Are These "Sexist" Fashion Trends Actually Sexist?

by Amanda Richards

When I decided to take on an article exploring fashion trends that are rooted in sexism, I thought to myself, "Easy enough," visions of waist-altering corsets and uncomfortable stilettos bouncing around in my brain. There are plenty of oppressive, sexist women's fashion trends to choose from, aren't there? As often happens, my first thoughts when digging into a topic always seem pretty obvious and easy to digest — but they very rarely tell the whole story.

The more I outlined the piece, the more I realized that proclaiming that items like corsets and high heels are "rooted in sexism" was doing a huge disservice to the women who have worn them, both in centuries past and today. In fact, would it even be fair to deem these two timeless trends sexist at all, given that so many women find them empowering? And even if women have chosen to wear them to appear conventionally attractive, does that make their choices any less valid or feminist?

Let's talk about the history of these two particular items, starting with the corset. According to author of Tudor Costume And Fashion Herbert Norris, it was first popularized by Catherine de Medici of Italy in the 1500s, and it's widely-held that Medici was the one to bring the corset to France, where it immediately became a must-have garment for all the noble ladies. The purpose of the corset was to enhance the smallness of the waist, pulling women in at the middle so their bodies could fit the standard of what was seen as attractive; specifically, an hourglass figure. The corset has seen many incarnations over the centuries, from the early versions made of steel or iron to the baleen corsetry of the Elizabethan era, all the way to the lace and satin style of corsetry that's popular today.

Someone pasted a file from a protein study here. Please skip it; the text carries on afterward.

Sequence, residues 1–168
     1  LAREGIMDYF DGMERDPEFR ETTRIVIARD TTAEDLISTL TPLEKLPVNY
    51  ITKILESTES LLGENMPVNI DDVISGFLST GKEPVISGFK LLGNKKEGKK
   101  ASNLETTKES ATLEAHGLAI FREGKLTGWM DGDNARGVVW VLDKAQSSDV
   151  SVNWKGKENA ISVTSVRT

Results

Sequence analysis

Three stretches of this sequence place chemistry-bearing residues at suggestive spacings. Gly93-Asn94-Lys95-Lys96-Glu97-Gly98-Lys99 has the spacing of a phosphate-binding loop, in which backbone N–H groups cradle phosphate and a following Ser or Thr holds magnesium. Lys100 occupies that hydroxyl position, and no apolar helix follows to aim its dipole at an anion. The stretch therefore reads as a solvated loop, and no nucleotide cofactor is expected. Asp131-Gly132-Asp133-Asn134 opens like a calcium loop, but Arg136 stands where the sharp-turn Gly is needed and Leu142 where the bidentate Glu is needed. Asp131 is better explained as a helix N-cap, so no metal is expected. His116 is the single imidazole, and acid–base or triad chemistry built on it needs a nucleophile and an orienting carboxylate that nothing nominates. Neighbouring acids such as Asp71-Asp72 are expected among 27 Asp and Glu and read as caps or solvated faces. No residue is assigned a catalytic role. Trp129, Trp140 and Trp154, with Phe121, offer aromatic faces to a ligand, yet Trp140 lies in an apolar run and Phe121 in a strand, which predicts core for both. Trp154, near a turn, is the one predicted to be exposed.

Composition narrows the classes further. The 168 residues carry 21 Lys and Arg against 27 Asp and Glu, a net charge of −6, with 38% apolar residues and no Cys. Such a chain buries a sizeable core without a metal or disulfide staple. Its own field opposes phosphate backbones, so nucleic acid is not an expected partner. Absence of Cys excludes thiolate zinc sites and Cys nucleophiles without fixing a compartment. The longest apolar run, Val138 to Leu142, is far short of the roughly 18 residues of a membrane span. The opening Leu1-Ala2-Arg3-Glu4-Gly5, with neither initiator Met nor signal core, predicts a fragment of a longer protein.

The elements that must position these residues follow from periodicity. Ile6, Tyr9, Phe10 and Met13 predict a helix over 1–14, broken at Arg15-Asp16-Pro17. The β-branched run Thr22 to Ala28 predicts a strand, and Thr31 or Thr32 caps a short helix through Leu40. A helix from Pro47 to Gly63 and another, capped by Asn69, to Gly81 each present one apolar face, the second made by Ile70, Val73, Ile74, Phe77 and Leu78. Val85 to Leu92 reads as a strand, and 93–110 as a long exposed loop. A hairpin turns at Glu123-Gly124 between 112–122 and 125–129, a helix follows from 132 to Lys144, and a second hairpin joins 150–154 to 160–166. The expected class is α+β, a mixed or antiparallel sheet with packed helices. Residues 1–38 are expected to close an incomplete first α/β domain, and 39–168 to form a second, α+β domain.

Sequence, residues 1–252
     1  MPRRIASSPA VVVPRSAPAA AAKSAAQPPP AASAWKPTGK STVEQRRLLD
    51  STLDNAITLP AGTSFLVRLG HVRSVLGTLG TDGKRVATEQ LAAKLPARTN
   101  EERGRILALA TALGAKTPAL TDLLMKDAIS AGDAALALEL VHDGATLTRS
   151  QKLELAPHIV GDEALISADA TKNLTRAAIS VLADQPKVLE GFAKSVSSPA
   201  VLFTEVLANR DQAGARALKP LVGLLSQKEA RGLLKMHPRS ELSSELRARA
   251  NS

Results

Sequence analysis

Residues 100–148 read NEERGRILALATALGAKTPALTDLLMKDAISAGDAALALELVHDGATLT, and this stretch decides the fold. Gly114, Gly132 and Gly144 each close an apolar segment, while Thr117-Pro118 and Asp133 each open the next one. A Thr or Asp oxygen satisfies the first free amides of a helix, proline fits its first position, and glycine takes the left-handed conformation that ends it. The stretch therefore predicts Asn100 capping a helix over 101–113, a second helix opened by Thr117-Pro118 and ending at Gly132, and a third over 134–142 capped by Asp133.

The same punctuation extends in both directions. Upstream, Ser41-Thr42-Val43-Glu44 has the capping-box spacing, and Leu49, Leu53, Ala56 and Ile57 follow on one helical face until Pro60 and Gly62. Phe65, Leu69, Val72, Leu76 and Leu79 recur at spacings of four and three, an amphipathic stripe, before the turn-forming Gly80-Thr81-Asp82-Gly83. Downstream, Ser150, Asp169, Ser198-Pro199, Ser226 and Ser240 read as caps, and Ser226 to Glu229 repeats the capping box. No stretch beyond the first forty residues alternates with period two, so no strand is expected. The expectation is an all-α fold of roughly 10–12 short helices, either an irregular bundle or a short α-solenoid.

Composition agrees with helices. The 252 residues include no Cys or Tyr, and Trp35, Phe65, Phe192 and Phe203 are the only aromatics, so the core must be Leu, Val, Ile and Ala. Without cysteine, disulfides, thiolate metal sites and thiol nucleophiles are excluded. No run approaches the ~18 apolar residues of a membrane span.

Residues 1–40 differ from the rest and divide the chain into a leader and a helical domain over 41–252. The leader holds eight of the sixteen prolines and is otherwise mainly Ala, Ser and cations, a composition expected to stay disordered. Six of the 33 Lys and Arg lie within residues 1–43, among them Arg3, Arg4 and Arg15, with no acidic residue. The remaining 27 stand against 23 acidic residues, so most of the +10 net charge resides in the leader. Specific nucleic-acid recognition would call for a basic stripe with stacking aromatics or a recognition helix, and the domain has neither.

And with it's many incarnations came plenty of myths. Arguably one of the most controversial garments in history, the corset has been accused of everything from causing life-threatening diseases to being a tool of oppression that men forced onto women. However, Valerie Steele, director and chief curator of The Museum At The Fashion Institute Of Technology, as well as the author of The Corset: A Cultural History, adds an interesting point of contention to that concept. According to an interview in Jezebel: